Part Inventory Overload for Additive Manufacturing

Ana Carolina Rocha | June 28, 2017 | 4 min read

3D Printing is already impacting every major production industry - from automotive to aerospace - because for the first time, the technology enables the production of individualized parts without increasing manufacturing cost per piece. From GKN to Boeing, business across the globe are investing in AM to get an early access to the benefits this innovative technology provides.


Until now, the use cases related to Additive Manufacturing have been limited to single components developed with large R&D budgets. There is a significant challenge slowing down a widespread adoption of AM - leading producers are managing part inventories with components numbering in the 100,000s, with thousands of additional parts being added each month. Currently, they are only using an expensive and extensive manual part analysis to determine potential components for 3D printing.

This labor-intensive manual process slows the overall production cycle and adds a significant cost to AM production. This is particularly true because the detailed analysis requires a level of expertise that is neither common nor readily available. It often also limits the application to a few specifically developed components. Because of these problematic circumstances, the implementation of additive manufacturing within a standard AM workflow often isn’t cost effective despite the piece-specific production benefits.


Missing Tools for a Complete Adoption of an Innovative Production Technology

There is a general awareness of the potential of AM for individual use cases, what companies are searching for is a way to quickly and cost-effectively identify those particular scenarios amongst their daily business models. While there are many companies attempting to make 3D processes more streamlined, until now, there was no simple method for establishing the correct entry points into the benefits of 3D printing.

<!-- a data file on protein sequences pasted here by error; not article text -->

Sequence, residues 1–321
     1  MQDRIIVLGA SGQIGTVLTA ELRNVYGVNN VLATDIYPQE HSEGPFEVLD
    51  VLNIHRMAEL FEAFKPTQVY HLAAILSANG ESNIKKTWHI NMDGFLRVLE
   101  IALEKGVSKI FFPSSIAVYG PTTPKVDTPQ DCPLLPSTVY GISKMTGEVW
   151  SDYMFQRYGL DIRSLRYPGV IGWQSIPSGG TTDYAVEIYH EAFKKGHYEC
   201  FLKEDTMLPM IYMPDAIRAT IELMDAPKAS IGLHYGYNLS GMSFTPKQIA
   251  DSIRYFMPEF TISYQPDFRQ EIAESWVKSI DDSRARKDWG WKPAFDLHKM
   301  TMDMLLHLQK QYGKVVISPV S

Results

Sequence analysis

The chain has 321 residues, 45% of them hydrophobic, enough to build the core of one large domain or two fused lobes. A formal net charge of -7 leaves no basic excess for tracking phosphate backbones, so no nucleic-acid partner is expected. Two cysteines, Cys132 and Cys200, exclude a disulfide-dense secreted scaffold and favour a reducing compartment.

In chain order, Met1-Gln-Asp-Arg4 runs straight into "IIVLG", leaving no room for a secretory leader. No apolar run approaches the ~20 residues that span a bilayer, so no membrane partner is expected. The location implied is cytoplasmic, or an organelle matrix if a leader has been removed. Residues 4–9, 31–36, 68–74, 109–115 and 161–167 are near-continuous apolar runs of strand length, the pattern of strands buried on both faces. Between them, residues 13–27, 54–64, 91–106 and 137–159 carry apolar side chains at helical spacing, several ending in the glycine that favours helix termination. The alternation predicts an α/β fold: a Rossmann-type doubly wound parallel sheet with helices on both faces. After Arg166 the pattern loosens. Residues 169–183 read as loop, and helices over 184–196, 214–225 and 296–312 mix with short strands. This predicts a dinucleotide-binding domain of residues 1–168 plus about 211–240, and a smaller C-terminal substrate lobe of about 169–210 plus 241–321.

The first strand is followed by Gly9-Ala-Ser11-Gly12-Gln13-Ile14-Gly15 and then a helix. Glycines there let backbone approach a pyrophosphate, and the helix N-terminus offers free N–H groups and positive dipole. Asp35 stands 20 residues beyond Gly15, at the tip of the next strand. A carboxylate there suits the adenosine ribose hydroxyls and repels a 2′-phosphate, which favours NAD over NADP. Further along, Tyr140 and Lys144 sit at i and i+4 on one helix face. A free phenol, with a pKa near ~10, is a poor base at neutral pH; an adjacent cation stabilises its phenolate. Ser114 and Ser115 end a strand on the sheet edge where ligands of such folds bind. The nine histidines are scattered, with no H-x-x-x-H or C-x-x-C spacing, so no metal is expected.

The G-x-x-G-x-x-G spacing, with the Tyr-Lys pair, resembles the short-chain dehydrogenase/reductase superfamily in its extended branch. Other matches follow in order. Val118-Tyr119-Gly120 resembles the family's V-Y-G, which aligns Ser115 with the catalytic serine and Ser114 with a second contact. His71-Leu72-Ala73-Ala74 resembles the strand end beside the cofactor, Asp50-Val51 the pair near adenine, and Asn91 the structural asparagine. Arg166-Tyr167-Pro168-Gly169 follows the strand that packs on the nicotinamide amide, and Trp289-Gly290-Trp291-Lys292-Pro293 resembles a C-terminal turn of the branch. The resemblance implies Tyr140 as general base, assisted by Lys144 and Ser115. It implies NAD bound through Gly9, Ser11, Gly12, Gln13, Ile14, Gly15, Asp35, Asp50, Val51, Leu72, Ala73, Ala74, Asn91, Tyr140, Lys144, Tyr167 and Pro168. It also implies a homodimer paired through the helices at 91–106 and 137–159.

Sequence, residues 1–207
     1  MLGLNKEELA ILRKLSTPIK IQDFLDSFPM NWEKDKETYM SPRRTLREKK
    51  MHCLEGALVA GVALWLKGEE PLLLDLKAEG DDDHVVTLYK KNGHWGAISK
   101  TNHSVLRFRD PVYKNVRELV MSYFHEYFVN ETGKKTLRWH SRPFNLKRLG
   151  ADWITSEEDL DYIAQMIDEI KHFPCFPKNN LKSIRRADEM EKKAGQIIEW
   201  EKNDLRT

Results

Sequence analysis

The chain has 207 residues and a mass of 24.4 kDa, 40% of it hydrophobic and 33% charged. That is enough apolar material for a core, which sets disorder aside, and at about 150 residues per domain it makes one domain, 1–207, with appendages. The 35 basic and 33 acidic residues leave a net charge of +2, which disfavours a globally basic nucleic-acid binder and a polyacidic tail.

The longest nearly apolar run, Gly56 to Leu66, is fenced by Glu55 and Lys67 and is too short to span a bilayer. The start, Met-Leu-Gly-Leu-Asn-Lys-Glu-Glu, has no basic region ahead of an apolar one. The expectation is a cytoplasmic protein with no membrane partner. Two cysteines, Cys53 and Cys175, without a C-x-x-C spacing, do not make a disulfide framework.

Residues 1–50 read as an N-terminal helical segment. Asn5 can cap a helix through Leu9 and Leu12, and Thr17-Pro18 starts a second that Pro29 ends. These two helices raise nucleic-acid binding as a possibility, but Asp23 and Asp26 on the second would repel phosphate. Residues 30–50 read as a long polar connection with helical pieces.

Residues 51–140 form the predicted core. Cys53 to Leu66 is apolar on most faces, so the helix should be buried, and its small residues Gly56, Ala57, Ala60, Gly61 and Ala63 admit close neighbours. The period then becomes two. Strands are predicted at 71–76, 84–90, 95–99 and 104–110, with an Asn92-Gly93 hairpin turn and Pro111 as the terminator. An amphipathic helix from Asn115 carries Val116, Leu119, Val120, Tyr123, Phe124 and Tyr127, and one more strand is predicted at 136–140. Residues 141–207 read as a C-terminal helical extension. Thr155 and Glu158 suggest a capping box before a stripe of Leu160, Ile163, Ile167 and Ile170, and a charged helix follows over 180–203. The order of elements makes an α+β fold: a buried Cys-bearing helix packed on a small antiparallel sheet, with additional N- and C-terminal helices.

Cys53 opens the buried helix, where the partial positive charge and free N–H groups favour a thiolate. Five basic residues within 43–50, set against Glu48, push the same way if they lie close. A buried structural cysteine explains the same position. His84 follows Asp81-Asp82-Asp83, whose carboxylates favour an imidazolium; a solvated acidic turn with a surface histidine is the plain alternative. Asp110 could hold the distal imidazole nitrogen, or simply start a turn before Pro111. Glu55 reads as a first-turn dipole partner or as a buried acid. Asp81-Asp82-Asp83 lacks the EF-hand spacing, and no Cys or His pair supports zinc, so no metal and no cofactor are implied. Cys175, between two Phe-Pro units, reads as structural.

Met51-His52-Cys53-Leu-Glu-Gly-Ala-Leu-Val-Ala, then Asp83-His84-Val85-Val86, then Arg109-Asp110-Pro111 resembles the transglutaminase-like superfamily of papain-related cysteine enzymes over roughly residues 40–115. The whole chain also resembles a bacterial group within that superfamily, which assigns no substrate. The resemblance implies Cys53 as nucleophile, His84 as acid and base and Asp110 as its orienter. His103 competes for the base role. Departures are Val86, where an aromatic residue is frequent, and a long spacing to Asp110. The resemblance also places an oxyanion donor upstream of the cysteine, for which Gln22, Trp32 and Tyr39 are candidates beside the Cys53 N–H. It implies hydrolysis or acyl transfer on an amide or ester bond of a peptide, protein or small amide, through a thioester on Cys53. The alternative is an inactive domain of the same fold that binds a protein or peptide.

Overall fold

Progress is only possible through a cooperation between stakeholders from machine manufacturers and automators. They need to join their respective knowhow in order to develop specific solutions for industrial users. ‘For us, this definitely includes an integrated data chain.“ Said Dr. Steffen Landua, Project Manager and rotary disc production coordinator Volkswagen AG to VDMA. EOS cooperates with automators to share experiences as well as meet specific customer needs in order to develop tools that automate the input and data processing.

By giving a simple entry point to automatically establishing the components that make sense for additive manufacturing, the barrier to entry for new businesses into the innovation arena drops significantly.

Speeding up processes, increasing production rates, and improving efficiency

AM offers significant benefits when properly implemented. The possibility of producing fully customizable and individualized parts is shifting business models and revolutionizing the way companies address customer demands without generating extra costs. This can be seen for high-profile customers like Fender Instruments who was able to reduce their product’s time to market reduction in a 50% and use that advantage to offer a more diverse product line.

Photo source: Boeing

The end product quality is also shifting due to AM. The processes enable experimentation with materials, to enable new properties like increasing the product’s resistance or weight reduction, like in the case of Boeing.

As always in the business environment, those innovation breakthroughs still need an economic justification before they can be implemented into products. That is why it is so important for companies to offer services that provide entry points into new technologies rather than simply optimizing existing processes.

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